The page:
Reduced blood flow to brain area responsible for speech causes stuttering
Scientists found that reduced blood flow to the region of the brain responsible for speech production causes stuttering. The study could lead to therapies to treat the condition.health and fitness Updated: Jan 04, 2017 18:34 IST
Scientists, including one of Indian origin, have found that reduced blood flow in a brain region linked to speech production causes people to stutter, an advance that could lead to new therapies to treat the condition.
Researchers at Children’s Hospital Los Angeles in the US demonstrated evidence of a common underlying lifelong vulnerability in both children and adults who stutter.
They discovered that regional cerebral blood flow is reduced in the Broca’s area - the region in the frontal lobe of the brain linked to speech production - in persons who stutter.
More severe stuttering is associated with even greater reductions in blood flow to this region.
In addition, a greater abnormality of cerebral blood flow in the posterior language loop, associated with processing words that we hear, correlates with more severe stuttering.
This finding suggests that a common pathophysiology throughout the neural “language” loop that connects the frontal and posterior temporal lobe likely contributes to stuttering severity.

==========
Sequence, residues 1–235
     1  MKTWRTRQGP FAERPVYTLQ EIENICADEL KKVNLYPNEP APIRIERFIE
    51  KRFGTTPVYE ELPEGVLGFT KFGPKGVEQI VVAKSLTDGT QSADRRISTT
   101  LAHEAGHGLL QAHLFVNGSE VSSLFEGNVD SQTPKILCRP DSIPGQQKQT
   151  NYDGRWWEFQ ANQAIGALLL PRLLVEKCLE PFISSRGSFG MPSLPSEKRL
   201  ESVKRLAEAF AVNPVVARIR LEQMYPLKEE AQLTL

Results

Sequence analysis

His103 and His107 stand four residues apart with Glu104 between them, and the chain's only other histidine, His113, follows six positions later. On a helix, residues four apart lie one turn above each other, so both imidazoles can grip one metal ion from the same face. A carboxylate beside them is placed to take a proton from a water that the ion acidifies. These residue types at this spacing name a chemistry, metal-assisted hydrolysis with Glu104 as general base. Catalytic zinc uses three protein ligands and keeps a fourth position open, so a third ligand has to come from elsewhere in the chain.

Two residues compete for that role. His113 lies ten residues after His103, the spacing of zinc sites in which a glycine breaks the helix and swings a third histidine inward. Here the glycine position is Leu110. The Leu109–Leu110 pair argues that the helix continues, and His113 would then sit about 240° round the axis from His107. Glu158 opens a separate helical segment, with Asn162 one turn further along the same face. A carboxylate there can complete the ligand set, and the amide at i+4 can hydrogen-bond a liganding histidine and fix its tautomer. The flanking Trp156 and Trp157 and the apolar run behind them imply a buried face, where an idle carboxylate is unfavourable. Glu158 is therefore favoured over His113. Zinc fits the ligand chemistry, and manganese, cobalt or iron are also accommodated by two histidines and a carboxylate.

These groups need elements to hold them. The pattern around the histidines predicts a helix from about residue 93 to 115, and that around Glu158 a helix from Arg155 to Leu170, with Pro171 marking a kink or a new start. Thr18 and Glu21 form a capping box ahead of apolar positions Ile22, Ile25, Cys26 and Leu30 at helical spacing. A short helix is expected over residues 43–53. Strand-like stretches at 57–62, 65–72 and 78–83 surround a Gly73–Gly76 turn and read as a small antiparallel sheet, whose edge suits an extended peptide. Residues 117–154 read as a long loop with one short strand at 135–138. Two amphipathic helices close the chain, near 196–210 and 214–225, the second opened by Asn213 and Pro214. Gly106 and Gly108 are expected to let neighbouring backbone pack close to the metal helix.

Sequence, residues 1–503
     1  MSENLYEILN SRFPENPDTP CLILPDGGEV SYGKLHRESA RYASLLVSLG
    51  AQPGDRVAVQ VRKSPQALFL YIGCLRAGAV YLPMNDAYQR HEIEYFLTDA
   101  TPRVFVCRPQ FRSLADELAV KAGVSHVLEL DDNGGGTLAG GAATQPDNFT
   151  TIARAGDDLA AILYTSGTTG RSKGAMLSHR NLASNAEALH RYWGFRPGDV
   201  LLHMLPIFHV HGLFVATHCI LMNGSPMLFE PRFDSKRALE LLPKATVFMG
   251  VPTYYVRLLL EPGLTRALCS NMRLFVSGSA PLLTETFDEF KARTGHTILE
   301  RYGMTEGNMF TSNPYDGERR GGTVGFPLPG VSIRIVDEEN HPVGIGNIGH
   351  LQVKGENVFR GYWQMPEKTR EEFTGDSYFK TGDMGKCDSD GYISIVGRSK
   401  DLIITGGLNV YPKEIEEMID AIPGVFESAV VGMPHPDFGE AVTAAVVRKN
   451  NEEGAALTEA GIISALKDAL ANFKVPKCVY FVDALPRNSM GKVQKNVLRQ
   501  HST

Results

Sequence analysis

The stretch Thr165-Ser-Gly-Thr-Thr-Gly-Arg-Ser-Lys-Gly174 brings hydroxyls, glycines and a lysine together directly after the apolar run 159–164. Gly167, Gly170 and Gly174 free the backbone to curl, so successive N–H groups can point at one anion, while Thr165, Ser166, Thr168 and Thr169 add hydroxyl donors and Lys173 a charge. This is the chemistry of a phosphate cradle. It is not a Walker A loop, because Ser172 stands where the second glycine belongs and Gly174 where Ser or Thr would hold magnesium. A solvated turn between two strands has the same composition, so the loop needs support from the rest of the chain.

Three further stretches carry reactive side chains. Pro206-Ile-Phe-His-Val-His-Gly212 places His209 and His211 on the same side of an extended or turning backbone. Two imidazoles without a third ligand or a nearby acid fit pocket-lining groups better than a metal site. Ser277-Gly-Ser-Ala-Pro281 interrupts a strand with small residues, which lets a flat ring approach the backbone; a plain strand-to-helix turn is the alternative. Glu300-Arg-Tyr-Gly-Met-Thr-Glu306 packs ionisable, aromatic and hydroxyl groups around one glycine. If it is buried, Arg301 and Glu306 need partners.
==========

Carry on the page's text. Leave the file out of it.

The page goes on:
Such a study of resting blood flow, or perfusion, has never before been conducted in persons who stutter, said Bradley Peterson, from University of Southern California.
The flow study suggests that disturbances in the speech processing areas of the brain are likely of central importance as a cause of stuttering.
According to Peterson, the research provides scientists with a completely different window into the brain.
The researchers were able to zero in on the Broca’s area as well as related brain circuitry specifically linked to speech, using regional cerebral blood flow as a measure of brain activity, since blood flow is typically coupled with neural activity.
“When other portions of the brain circuit related to speech were also affected according to our blood flow measurements, we saw more severe stuttering in both children and adults,” said Jay Desai, a clinical neurologist at CHLA.
“Blood flow was inversely correlated to the degree of stuttering - the more severe the stuttering, the less blood flow to this part of the brain,” said Desai.
The study was published in the journal Human Brain Mapping.
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